Controlling Purple Nutsedge in Tomatoes

Abbey Taylor Research, Tomatoes, Top Posts, VSCNews magazine

Purple nutsedge can be a tough nut to crack for many tomato growers. Nathan Boyd, weed scientist at the University of Florida’s Gulf Coast Research and Education Center (GCREC), recently completed herbicide trials examining whether pre-emergent or post-emergent herbicides work better in controlling purple nutsedge in tomatoes. The trials took place at the GCREC in Wimauma.

Purple nutsedge can be detrimental to tomato crops and difficult to control. The nutsedge can puncture through the plastic and cause serious problems for the crop. Nutsedge can compete with tomatoes for natural resources. Furthermore, once the nutsedge punctures the plastic, it can be difficult to remove that plastic, causing increased labor costs for growers. Nutsedge can also spread rapidly, making it even harder to manage. “Using only fumigation doesn’t always cut it,” Boyd explained.

TRIAL RESULTS
Boyd had four trial plots, one with a pre-emergent herbicide, one with a post-emergent herbicide and two with a combination of both. Pre-emergent herbicides are applied under the plastic to control weeds before they go through the plastic.

On the first plot, Boyd used Spartan, a pre-emergent herbicide, at 6 ounces per acre. He noticed that although the nutsedge thinned, it was not suppressed. There were still quite a few nutsedge that pierced the plastic.

The second plot examined Sandea, a post-emergent herbicide, applied at 1 ounce per acre right at the base of the plant. Post-emergent herbicides are applied after the weeds have emerged and opened. Boyd said some nutsedge survived the application, so there was not total control.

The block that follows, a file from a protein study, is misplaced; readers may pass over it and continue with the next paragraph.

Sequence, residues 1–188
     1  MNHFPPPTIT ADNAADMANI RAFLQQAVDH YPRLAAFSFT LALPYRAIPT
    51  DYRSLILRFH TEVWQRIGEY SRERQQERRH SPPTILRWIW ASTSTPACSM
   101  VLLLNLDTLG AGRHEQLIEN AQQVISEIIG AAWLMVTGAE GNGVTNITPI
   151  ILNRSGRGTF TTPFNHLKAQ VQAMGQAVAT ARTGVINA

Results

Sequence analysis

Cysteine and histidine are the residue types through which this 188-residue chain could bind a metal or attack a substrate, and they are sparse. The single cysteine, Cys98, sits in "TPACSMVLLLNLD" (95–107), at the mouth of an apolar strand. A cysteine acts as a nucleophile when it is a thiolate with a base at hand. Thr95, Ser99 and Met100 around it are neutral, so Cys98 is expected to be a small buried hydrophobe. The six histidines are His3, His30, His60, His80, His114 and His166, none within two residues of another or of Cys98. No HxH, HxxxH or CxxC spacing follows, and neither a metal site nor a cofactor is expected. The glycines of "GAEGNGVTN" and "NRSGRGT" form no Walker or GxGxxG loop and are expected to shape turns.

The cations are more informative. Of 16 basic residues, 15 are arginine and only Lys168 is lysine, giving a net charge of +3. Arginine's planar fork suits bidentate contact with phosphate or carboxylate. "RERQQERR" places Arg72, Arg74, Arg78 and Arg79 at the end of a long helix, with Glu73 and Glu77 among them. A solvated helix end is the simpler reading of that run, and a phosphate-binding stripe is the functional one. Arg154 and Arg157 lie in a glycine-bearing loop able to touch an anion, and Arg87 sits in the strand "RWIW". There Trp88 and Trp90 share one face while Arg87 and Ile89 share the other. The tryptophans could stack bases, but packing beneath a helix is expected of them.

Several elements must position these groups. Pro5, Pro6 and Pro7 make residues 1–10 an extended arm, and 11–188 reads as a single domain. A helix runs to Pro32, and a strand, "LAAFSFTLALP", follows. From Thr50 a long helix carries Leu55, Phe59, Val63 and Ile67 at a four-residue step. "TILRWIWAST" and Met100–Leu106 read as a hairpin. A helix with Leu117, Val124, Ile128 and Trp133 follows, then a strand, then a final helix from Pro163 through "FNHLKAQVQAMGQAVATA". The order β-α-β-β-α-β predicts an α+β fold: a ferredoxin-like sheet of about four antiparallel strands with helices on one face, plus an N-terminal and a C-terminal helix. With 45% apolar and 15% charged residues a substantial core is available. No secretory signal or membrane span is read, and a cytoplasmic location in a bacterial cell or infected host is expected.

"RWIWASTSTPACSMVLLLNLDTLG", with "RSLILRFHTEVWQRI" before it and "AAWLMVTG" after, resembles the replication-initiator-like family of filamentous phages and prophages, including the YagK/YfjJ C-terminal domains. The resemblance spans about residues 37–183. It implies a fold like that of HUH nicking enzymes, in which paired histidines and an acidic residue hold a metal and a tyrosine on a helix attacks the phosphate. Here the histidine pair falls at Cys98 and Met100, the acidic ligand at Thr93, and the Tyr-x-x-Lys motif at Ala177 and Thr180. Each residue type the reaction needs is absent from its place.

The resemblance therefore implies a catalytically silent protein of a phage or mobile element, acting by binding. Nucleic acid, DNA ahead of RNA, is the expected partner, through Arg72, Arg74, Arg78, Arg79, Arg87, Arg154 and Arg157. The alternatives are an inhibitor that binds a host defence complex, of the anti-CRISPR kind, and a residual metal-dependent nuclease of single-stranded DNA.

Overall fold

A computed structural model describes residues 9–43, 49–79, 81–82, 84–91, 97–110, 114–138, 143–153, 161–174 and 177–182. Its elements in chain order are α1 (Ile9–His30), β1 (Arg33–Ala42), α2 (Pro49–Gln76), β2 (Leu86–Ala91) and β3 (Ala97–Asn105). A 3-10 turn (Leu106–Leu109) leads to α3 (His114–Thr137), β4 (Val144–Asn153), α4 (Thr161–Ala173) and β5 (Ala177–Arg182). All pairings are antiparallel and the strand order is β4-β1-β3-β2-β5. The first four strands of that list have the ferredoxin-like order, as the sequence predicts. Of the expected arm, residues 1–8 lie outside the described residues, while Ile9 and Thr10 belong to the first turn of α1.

The third plot combined a pre-emergent herbicide and post-emergent herbicide: Spartan at 6 ounces per acre and Sandea at 1 ounce per acre. Ideally, the pre-emergent herbicide will suppress the nutsedge under the plastic, then the post-emergent herbicide will control any nutsedge that has broken through. While some nutsedge still survived, the control from the combination was visibly better than the first two trials. “(There was) really good control along the entire plot,” Boyd said.

The fourth plot featured another combination, but with a different pre-emergent herbicide: Dual Magnum applied at 21.28 ounces per acre, which was combined with Sandea at 1 ounce per acre. This combination provided excellent control, showing very little nutsedge across the whole plot.

COMBINE FOR CONTROL
Overall, Boyd advises growers to use a combination of both products to get the best control. “The message I want to get across with this is that a combination of a pre-emergent herbicide followed by a post-emergent herbicide is able to get you season-long control, while one product or the other may not,” Boyd concluded.

This article was featured in the July issue of VSCNews magazine. To receive future issues of VSCNews magazine, click here.

About the Author

Abbey Taylor

Editor of VSCNews magazine and farm broadcaster

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